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Thermometry, Enthalpimetry

Thermometric and enthalpimetric analysis

Journal of Thermal Analysis and Calorimetry
Author:
L. S. Bark
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The determination of isonicotinic acid hydrazide in the dosage form of isoniazid tablets is done using thermometric titrimetry. The hydrazide is oxidized by hexacyanoferrate(III) ions. It is not necessary to separate the active ingredients from the powdered sample. The results from the proposed method are compared with those obtained using the standard B.P. method.

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The oxidizing power of hexacyanoferrate(III) in alkaline conditions is wellknown. Unfortunately many if its oxidation reactions are too slow at room temperatures for direct titrimetric procedures.

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A method is descubed for the determination of lead alkyl additives in gasoline by direct injection enthalpimetry. The method is a single step process, iodine monochloride solution is injected into a sample of the gasoline diluted with an equal volume ofo-xylene. The system can be arranged to gave a direct reading of the concentration of the permitted lead alkyls for several concentration ranges. Once calibrated the proposed method can be operated by semi-skilled workers. The precision and accuracy are within industrial limits. The main advantages of the method are those of low cost and low time of analysis.

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Some azo dyes have been assayed using D. I. E. The analysis is completed in less than 1 minute with an average error of 1.05% at the 1 mMole level.The reagent used is titanium(III)chloride. Degassing of the solutions is not necessary.

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An enthalpimetric method for the rapid, low cost assay of reducing sugars in soft drinks is reported.

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A simple, rapid and accurate direct injection enthalpimetric (DIE) method has been developed for the determination of the iodine value of some commercial edible oils. A significant heat pulse of halogen addition reaction of the double bonds of unsaturated fatty acid esters in the oils is produced by injecting a solution of iodine monochloride into the sample solutions. The method is calibrated against real samples and the standard compounds (oleic, linoleic and linolenic acids) whose iodine values have been determined by a standard method. Once calibrated, the proposed method can be operated routinely by semi-skilled personnel. The method is sensitive and give results as acceptable as those obtained by standard methods. The main advantages of the method are those of time and cost of analysis and the potential of the enthalpimetric method for automation.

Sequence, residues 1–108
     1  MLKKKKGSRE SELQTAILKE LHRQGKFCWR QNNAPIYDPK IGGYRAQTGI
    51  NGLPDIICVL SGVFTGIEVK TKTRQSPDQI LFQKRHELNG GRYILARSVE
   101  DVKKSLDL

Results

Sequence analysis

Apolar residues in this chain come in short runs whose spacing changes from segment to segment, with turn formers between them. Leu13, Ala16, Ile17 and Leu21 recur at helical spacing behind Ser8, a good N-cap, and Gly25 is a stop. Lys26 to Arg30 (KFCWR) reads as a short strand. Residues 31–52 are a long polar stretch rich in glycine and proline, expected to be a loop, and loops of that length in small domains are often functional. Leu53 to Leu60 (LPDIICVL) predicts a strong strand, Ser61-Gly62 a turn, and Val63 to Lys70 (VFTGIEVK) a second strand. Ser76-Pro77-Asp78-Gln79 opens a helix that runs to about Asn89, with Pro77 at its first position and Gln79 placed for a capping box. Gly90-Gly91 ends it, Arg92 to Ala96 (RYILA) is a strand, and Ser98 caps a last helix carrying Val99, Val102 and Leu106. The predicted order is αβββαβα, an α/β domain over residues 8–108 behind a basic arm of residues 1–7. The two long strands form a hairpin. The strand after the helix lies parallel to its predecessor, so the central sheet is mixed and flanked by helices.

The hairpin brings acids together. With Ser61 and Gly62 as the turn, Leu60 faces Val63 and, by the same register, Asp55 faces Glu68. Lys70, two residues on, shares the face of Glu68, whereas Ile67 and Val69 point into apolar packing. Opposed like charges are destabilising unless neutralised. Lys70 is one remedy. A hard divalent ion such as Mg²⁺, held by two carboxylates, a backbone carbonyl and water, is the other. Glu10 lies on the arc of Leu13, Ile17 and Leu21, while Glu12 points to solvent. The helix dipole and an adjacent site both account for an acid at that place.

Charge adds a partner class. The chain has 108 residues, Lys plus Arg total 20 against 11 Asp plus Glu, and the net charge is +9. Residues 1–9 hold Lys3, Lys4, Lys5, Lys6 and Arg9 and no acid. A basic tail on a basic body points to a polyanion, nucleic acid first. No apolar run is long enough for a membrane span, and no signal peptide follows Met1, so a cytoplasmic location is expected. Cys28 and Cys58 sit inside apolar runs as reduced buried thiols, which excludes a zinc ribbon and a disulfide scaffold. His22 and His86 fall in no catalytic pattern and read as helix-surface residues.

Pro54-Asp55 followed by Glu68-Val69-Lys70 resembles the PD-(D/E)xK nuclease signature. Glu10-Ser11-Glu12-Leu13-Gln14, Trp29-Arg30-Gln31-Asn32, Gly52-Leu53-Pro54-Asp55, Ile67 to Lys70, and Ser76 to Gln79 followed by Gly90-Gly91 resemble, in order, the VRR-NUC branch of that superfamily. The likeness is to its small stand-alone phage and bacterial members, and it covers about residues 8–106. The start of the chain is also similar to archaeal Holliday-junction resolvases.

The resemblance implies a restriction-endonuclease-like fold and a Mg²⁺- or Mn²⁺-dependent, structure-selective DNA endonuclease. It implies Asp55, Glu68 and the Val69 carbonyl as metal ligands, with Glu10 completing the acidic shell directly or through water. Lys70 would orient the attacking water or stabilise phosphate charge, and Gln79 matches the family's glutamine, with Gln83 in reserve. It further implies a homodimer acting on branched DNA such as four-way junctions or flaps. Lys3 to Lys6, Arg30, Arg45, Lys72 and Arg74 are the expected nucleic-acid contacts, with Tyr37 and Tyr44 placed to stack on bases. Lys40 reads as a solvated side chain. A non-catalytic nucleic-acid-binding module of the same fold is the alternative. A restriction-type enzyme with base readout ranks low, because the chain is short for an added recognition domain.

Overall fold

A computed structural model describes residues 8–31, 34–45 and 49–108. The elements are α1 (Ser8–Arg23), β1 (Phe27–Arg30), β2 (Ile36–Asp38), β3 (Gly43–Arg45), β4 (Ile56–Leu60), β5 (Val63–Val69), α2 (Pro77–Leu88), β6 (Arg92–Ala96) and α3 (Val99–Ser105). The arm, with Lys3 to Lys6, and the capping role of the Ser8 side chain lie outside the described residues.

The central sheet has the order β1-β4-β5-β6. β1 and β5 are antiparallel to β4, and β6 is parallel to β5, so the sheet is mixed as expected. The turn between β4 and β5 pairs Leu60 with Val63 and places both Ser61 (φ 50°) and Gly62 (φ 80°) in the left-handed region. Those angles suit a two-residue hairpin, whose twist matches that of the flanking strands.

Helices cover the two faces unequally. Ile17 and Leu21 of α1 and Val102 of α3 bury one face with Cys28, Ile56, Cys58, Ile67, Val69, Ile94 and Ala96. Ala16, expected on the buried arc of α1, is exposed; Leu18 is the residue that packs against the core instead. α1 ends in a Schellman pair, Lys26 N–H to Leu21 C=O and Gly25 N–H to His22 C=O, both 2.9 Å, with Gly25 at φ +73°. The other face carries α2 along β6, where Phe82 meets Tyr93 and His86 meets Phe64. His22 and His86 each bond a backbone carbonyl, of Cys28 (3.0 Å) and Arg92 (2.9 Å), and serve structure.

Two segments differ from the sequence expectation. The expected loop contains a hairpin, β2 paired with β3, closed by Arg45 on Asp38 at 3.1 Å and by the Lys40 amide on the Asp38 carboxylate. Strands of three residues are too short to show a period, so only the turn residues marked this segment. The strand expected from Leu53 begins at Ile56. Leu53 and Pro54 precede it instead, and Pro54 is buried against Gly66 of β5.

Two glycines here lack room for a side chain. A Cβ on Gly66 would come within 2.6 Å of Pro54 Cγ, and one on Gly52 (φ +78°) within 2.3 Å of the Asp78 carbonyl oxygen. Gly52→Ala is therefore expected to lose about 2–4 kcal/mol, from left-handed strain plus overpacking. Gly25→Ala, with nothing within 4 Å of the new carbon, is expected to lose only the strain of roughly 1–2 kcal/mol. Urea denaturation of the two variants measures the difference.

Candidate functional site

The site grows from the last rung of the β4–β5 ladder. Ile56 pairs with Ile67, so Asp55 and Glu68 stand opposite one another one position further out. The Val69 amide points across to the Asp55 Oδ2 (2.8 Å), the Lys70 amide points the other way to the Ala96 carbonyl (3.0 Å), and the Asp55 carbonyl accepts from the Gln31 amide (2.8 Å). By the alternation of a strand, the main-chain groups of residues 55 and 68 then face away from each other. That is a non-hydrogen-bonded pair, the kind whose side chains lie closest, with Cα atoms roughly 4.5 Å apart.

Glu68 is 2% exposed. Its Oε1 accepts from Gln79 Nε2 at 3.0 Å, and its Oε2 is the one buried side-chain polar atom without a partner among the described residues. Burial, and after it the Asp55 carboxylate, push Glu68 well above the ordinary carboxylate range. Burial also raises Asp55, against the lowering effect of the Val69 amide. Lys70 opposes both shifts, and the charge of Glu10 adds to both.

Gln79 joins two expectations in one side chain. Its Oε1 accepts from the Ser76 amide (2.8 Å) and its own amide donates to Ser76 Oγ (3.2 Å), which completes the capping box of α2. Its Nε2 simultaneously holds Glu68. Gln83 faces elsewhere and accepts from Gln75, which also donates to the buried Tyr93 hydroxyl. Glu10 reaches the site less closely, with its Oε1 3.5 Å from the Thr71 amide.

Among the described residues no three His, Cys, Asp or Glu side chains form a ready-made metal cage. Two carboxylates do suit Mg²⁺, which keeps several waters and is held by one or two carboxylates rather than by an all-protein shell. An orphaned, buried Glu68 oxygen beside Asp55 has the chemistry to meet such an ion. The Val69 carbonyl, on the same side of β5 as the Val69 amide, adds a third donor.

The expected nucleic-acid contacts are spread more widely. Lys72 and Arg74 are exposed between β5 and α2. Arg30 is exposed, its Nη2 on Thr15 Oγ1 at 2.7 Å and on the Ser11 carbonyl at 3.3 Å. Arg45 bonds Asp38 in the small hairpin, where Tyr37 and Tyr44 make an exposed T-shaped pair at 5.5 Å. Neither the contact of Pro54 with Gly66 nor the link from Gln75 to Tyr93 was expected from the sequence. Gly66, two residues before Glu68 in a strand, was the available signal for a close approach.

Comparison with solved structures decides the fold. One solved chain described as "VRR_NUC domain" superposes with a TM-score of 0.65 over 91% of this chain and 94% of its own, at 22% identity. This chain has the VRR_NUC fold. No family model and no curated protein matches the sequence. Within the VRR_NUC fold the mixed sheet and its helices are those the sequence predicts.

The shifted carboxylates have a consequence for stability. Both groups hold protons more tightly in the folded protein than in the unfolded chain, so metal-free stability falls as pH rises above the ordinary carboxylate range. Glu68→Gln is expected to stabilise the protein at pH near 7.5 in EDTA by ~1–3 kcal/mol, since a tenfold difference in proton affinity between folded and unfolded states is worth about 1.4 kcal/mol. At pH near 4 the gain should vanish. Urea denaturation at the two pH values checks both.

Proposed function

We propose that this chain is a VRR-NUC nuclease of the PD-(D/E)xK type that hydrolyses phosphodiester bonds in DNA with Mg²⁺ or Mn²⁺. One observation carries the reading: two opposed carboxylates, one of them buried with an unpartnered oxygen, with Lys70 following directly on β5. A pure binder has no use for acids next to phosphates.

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A rapid and accurate direct injection enthalpimetric (DIE) method has been developed for the determination of the water content in some oils and fats of commercial interest. The method combines the DIE and the Karl Fischer Reagent procedures and is calibrated against real samples whose water content have been determined by a standard distillation method using toluene as the immiscible solvent. The reproducibility and precision are equivalent to those of the standard method for the water content of materials such as soya bean oil. The procedure is able to determine water contents in compounds such as lard, which cannot be determined by the Dean & Stark method. Once calibrated, the proposed method can be operated routinely by semi-skilled personnel. The main advantages of the method are those of time and the cost of analysis.

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A series of mixtures, each containing at least two of the ions phosphate, arsenate(V) and arsenate(III) have been determined enthalpimetrically using the concept of the additivity of partial molar heat pulses. The non-selective reactions used involved precipitation and redox reactions. The accuracy at the 1mM level is within 1.5%, and the total time of a determination of a mixture of all three anions is less than 10 minutes after preparation of the sample solution, which is prepared for insoluble phosphates, by metathesis with sodium carbonate.

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